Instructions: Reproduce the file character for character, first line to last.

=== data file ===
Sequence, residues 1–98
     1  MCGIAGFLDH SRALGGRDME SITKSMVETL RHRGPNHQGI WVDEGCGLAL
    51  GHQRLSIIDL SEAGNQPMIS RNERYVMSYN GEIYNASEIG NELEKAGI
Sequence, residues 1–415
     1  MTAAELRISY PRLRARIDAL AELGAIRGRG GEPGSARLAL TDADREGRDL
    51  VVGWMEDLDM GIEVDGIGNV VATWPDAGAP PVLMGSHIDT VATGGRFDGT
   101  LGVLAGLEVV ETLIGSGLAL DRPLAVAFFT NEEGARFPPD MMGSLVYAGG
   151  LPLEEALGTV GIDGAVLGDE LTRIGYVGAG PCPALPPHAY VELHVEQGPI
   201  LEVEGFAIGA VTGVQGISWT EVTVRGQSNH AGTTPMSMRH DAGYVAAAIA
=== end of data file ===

Sequence, residues 1–98
     1  MCGIAGFLDH SRALGGRDME SITKSMVETL RHRGPNHQGI WVDEGCGLAL
    51  GHQRLSIIDL SEAGNQPMIS RNERYVMSYN GEIYNASEIG NELEKAGI
Sequence, residues 1–415
     1  MTAAELRISY PRLRARIDAL AELGAIRGRG GEPGSARLAL TDADREGRDL
    51  VVGWMEDLDM GIEVDGIGNV VATWPDAGAP PVLMGSHIDT VATGGRFDGT
   101  LGVLAGLEVV ETLIGSGLAL DRPLAVAFFT NEEGARFPPD MMGSLVYAGG
   151  LPLEEALGTV GIDGAVLGDE LTRIGYVGAG PCPALPPHAY VELHVEQGPI
   201  LEVEGFAIGA VTGVQGISWT EVTVRGQSNH AGTTPMSMRH DAGYVAAAIA